Brake Tech

The myth of warped brake discs


Have you ever heard someone say they had warped brake discs?   Typically someone had the discs resurfaced to cure the problem and after a relatively short time the roughness or vibration came back.

In almost every case, this problem is not caused by a warped discs, but that the brake pad material transferred unevenly to the surface of the disc. This uneven deposition results in thickness variation or run-out due to hot spotting that occurred at elevated temperatures.

Friction is the mechanism that converts dynamic energy into heat.

Read more: The myth of warped brake discs

Main causes of brake fade

Experiencing fading brakes?    Brake fade is a reduction (or total absence) of the stopping power of your brake system that occurs as a result of overheated brake pads.  Simply put, it's when you push on pedal and the vehicle doesn't slow like you planned.  No amount of additional foot pressure can make you stop quicker.  While it is most commonly associated with race cars and heavy trucks that put high demands on the braking system, as you'll read below it can occur on any vehicle that uses friction based deceleration.

We created a PDF report on how to solve brake fade. Get it now.

It's a particularly significant issue compared to other system failures because  once the driver has hit the brakes - they've already committed to the event and there isn't much time to correct when it goes awry.  Brake fade manifests itself with a very firm yet ineffective brake pedal.  So if you're reading this  and your braking issue is not accompanied by a firm or hard brake pedal - you don't have brake fade.  You will need to look deeper for your issue.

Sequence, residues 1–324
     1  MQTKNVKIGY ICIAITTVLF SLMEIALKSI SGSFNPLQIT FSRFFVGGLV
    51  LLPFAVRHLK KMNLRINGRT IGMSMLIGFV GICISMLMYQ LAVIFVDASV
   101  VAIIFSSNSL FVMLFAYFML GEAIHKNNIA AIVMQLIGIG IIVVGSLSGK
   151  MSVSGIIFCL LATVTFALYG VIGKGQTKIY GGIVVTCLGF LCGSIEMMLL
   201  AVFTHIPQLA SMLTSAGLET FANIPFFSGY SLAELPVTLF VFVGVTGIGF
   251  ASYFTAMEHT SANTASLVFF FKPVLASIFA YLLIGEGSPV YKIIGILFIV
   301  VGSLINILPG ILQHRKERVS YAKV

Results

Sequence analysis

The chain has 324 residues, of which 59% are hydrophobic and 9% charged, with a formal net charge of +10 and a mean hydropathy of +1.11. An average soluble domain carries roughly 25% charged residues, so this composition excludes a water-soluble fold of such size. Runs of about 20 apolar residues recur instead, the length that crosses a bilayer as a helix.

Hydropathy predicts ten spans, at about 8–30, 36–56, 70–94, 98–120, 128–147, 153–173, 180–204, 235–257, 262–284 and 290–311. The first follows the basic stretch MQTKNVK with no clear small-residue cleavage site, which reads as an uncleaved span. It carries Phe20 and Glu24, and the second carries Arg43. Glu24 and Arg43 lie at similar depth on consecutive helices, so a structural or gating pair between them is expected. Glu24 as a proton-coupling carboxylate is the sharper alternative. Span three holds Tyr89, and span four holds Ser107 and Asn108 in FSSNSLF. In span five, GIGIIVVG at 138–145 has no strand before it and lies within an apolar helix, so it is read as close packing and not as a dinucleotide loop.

So how do you know if you have brake fade?

          • Your brake pedal is firm (soft pedal is a different condition)
          • Your brakes are not effective.
          • Pumping the brake pedal does not help
          • Once the system has cooled, performance usually returns (although permanently at a reduced effective level as you'll read later!).

How do you solve this?

Read more: Main causes of brake fade

Why use brake cooling


Cooling of the brakes is essential - particularly on 'heavy braking' circuits or events. The heat generated during braking is stored in the discs and must be dissipated by air-flow through and around the disc. Failure to do this will result in reducing brake efficiency and in the extreme, increasing brake pedal travel and loss of retardation. Brake heat is removed by using ducted air directed into the 'eye' of the disc, through the internal vanes - and across the braking faces. It is important to ensure that the heated air escapes from the wheel and wheel-arch - otherwise air-flow is restricted and temperatures will increase. This is very much vehicle specific, there are no general rules.

Read more: Why use brake cooling

Why bleed your brakes

BLEEDING Whilst there is some 'mystery' about this, it is basically a simple operation. The objective is to ensure that all air is purged out of the system(s) so that only good, fresh brake fluid is in the calipers, master cylinders, pipe-work and hoses.

Read more: Why bleed your brakes

Advantage! Alcon Crescent Grooved Rotors

Grooves in the surface of a brake disc for high performance vehicles perform three basic functions:

1) Increases initial friction between the disc and pads, producing more ‘bite’.  2) Continuously refreshes the brake pad surface by removing debris from the pad. 3) Prevents build up of gas from the phenolics within the pads

Traditionally, arrays of long, straight or curved grooves are staggered around the disc surface.  Heat generated during braking leads to thermal distortion of the disc due to the discontinuous friction rubbing surface produced by the grooves, causing reduced pad contact and in some cases brake judder. As a result of dividing the grooves into short segments, the continuous disc surface area is maintained, helping to reduce thermal distortion and hence brake judder.

Read more: Advantage! Alcon Crescent Grooved Rotors

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